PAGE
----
Extended Events Event File Target filename long integer

23rd July 2017

This is a small post on what we’ve found out when trying to use the long integer value within the filename on the Event File Target. The Link is here.

The text that we were mostly interested in was this:

The integer value is calculated as the number of milliseconds between January 1, 1600 and the date and time the file is created.

We did some digging around and found that the long integer value was actually a year later, for clarity its 1601-01-01 not 1600-01-01. We used a throw away script to get to the bottom of the actual date and used Powershell to hook into the C# Library as we knew the DateTime Class supported ticks. Here’s the setup for SQL Server:

if exists ( select 1
 from sys.server_event_sessions
 where [name] = 'blocked_process_report'
 )
begin
 drop event session [blocked_process_report] on server
end
go

SELECT SYSDATETIME() as sys_datetime
GO

create event session [blocked_process_report] 
 on server
 add event sqlserver.blocked_process_report
 add target package0.event_file (set filename = N'C:\Temp\Extended Events\blocked_process_report.xel', max_file_size = 5) with (startup_state=off)
go

if not exists ( select 1
 from sys.dm_xe_sessions
 where [name] = 'blocked_process_report'
 )
begin
 alter event session [blocked_process_report] on server state = start
end
go

Now what we did is grab the SYSDATETIME and also the long integer value that the extended event session created. This was done in Powershell

$XeFileTick = 131452998789580000

$XeTickDate = [DateTime]::Parse('2017-07-23 17:11:18.9075180')

$XeTickDate.AddTicks(-$XeFileTick)

01 January 1601 00:59:59

As you can see the date was not what we were expecting!

The next part we had a little bit of trouble was with the T-SQL DATEADD Function. Based on the new information that we know know the date is 1601-01-01 we tried adding the Ticks from that base date. What we ended up getting was an error message:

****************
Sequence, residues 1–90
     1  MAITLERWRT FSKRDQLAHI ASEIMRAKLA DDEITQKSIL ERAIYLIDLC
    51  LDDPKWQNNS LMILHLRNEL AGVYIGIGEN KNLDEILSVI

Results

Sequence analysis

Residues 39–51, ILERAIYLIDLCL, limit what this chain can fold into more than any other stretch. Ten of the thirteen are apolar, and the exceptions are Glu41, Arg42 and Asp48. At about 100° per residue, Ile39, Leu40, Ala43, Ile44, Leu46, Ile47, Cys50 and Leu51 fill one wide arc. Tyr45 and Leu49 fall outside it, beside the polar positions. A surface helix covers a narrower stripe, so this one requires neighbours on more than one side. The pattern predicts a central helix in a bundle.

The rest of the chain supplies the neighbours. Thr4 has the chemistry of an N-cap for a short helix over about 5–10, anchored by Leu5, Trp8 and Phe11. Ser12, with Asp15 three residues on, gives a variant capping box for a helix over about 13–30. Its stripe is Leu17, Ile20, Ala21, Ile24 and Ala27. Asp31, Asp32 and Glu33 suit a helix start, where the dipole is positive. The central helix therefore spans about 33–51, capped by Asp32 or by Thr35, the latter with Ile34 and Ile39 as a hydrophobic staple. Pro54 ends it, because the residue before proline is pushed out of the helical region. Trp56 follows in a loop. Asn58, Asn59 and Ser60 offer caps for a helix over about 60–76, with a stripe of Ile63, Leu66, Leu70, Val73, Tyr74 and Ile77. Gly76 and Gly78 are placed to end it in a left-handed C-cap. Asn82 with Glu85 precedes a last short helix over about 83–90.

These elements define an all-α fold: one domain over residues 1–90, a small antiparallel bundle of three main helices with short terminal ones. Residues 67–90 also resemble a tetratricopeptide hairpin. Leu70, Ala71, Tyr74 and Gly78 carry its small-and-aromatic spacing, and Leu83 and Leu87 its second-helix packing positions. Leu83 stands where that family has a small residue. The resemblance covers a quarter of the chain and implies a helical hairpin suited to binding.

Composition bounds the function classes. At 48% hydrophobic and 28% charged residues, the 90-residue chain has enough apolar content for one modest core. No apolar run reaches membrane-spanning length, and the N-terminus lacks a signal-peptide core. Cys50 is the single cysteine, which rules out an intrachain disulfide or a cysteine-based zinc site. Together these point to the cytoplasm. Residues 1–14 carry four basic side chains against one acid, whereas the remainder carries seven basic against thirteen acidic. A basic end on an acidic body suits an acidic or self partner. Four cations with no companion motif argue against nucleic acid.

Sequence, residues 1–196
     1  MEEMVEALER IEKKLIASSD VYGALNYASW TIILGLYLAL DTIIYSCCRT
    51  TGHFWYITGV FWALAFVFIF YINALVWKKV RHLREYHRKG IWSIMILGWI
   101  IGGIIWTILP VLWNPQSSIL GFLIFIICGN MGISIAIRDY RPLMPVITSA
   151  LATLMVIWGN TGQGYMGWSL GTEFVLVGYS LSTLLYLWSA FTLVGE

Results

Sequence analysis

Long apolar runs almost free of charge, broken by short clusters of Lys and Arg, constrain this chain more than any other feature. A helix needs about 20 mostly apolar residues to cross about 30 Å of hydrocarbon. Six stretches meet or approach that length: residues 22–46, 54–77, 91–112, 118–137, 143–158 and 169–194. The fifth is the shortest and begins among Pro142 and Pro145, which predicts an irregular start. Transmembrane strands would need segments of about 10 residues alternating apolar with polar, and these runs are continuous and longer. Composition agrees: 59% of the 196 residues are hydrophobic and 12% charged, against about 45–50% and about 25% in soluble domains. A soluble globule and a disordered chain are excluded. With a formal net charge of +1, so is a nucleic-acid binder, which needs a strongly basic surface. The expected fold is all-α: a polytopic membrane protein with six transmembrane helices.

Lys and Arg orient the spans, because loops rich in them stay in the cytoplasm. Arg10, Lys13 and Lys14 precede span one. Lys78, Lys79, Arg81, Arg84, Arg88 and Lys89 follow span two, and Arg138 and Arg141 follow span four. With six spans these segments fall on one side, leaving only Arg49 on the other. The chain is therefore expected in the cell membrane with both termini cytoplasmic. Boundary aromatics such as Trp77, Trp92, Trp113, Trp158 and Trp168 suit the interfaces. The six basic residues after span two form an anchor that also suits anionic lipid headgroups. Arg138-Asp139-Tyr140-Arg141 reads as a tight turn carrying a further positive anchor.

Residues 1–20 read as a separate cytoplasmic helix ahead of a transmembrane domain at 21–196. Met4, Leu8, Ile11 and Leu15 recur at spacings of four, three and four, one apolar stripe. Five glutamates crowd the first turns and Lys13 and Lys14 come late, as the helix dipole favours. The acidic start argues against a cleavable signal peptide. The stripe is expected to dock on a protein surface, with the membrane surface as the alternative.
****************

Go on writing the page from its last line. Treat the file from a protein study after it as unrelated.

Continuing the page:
DECLARE @SysDateTime AS DATETIME2 = '1601-01-01'

SELECT DATEADD(microsecond, 131452998789580000, @SysDateTime)

Msg 8115, Level 16, State 2, Line 6
Arithmetic overflow error converting expression to data type int.

We looked at the Documentation and it does state the number needs to be of a int type! The next bit we looked as was whether we could CAST a number to DATETIME2, and when we looked at the conversion table, an explicit conversion was not allowed. But what was allowed was an explicit conversion to DATETIME. All we had to do now was reduce the Tick number into a small enough number that we could cast to as datetime type. We did this in two steps, firstly using powershell to make sure the number reduced enough and then we did it in T-SQL:

Powershell
$TickFile = [DateTime]::Parse('2017-07-23 17:11:18.9075180').Ticks ~ 636364266789075180

$Tick16010101 = [DateTime]::Parse('1601-01-01').Ticks ~ 504911232000000000

$Tick19000101 = [DateTime]::Parse('1900-01-01').Ticks ~ 599266080000000000

$Ticks24Hours = ([DateTime]::Parse('1900-01-02')-[DateTime]::Parse('1900-01-01')).Ticks ~ 864000000000

$FileInteger = $TickFile - $Tick16010101

$DateDecimal = (($FileInteger + $Tick16010101) - $Tick19000101) / $Ticks24Hours

[DateTime]::Parse('1900-01-01').AddDays($DateDecimal)

# 23 July 2017 17:11:18

 

T-SQL
--Formula = (($FileInteger+ $Tick16010101) - $Tick19000101) / $Ticks24Hours (This is how many days there are after 1900-01-01)

SELECT CAST( (((131452998789580000 + 504911232000000000)) - 599266080000000000 ) / 864000000000.0 AS DATETIME) AS [file_created]

I hope you’ve found this information useful.